“I was all set to terminate,” Trump said in an Oval Office interview Thursday night. “I looked forward to terminating. I was going to do it.”
There was just one problem: Trump’s team — like on so many issues — was deeply divided.
As news of the president’s plan reached Ottawa and Mexico City in the middle of the week and rattled the markets and Congress, Commerce Secretary Wilbur Ross, Agriculture Secretary Sonny Perdue and others huddled in meetings with Trump, urging him not to sign a document triggering a U.S. withdrawal from NAFTA.
Perdue even brought along a prop to the Oval Office: A map of the United States that illustrated the areas that would be hardest hit, particularly from agriculture and manufacturing losses, and highlighting that many of those states and counties were “Trump country” communities that had voted for the president in November.
“It shows that I do have a very big farmer base, which is good,” Trump recalled. “They like Trump, but I like them, and I’m going to help them.”
By Wednesday night, Trump — who spent nearly two years as a candidate railing against the trade agreement — had backed down, saying that conversations with advisers and phone calls with the leaders of Canada and Mexico had persuaded him to reconsider.
Recalling his late Wednesday conversation with Mexican President Enrique Peña Nieto, Trump said, “He said to me, ‘I would really appreciate if we could negotiate instead of you terminating, because terminating sets a lot of things in motion that could be pretty devastating for a lot of people.’ ”
Trump’s declaration to withdraw from NAFTA, followed by his abrupt turnabout, was the latest in a series of sudden policy shifts and outright reversals in the frenzied lead-up to his 100th day in office, reflecting a president desperate to notch tangible victories and to offer the impression of forward momentum. It was also another example of the inherent tension between the fiery populist, who ran on a promise to upend Washington, and the pragmatic businessman, who is eager to score wins and is easily influenced by a cadre of chief executive friends and top advisers, many with Wall Street pedigrees.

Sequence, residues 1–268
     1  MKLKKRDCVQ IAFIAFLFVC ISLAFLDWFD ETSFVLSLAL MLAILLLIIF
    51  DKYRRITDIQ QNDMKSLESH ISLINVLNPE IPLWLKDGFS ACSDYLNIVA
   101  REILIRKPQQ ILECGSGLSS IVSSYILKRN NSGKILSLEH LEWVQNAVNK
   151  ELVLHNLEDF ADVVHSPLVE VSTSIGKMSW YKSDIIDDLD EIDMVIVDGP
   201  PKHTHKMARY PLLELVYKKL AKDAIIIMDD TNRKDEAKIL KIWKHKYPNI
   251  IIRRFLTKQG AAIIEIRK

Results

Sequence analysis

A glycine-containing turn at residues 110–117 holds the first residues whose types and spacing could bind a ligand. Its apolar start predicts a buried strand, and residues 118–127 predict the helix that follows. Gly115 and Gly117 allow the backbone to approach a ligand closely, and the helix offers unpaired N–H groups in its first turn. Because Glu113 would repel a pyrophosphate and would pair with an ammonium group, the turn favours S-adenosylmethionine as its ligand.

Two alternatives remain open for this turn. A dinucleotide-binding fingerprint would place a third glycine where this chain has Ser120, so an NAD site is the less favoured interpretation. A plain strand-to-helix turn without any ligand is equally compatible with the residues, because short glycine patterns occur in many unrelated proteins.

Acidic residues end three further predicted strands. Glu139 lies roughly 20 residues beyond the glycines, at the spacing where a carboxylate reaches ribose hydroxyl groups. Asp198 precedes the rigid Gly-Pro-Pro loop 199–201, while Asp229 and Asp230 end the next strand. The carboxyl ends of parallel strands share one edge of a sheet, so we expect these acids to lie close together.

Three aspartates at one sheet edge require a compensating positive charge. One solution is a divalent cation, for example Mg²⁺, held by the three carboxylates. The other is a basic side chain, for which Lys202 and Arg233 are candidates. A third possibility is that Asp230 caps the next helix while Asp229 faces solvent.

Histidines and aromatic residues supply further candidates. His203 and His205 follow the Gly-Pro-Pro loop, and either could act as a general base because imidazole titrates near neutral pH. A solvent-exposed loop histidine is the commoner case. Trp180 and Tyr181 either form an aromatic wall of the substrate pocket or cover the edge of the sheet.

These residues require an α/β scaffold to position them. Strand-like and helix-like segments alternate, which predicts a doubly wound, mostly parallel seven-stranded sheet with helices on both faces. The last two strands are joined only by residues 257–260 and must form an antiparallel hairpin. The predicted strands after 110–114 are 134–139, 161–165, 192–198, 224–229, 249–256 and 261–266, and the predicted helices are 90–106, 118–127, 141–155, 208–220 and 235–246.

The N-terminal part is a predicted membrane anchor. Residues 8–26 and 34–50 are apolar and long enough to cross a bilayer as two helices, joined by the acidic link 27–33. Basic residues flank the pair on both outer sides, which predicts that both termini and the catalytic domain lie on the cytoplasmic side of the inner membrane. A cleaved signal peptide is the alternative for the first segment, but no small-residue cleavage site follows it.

Trump announced that he was not labeling China a currency manipulator, after months of promising to do so on Day One of his presidency. And he declared NATO “no longer obsolete,” after months of saying it was.
He threatened to shut down the government over the border wall, only to retreat on funding for an actual brick-and-mortar structure. And he tasked his team with drafting a complex overhaul of the nation’s tax code only to suddenly announce, surprising even his own aides and advisers, that he expected a proposal to be rolled out within days.
In some ways, as Trump nears the 100-day mark of his presidency, he is arguably beginning to find his footing, concentrating on core issues that have always animated him (trade) and others that captivate his business side (taxes). By refocusing on questions of trade and the economy, Trump has returned to more familiar and comfortable territory — the nationalistic populism that has defined him since the 1980s.
“The president has put himself in a perfect position on NAFTA because folks know he’s inclined [to be] negative on NAFTA, yet he’s open to negotiating,” said Chief of Staff Reince Priebus. “It’s a good spot to be. The leverage is all with the president.”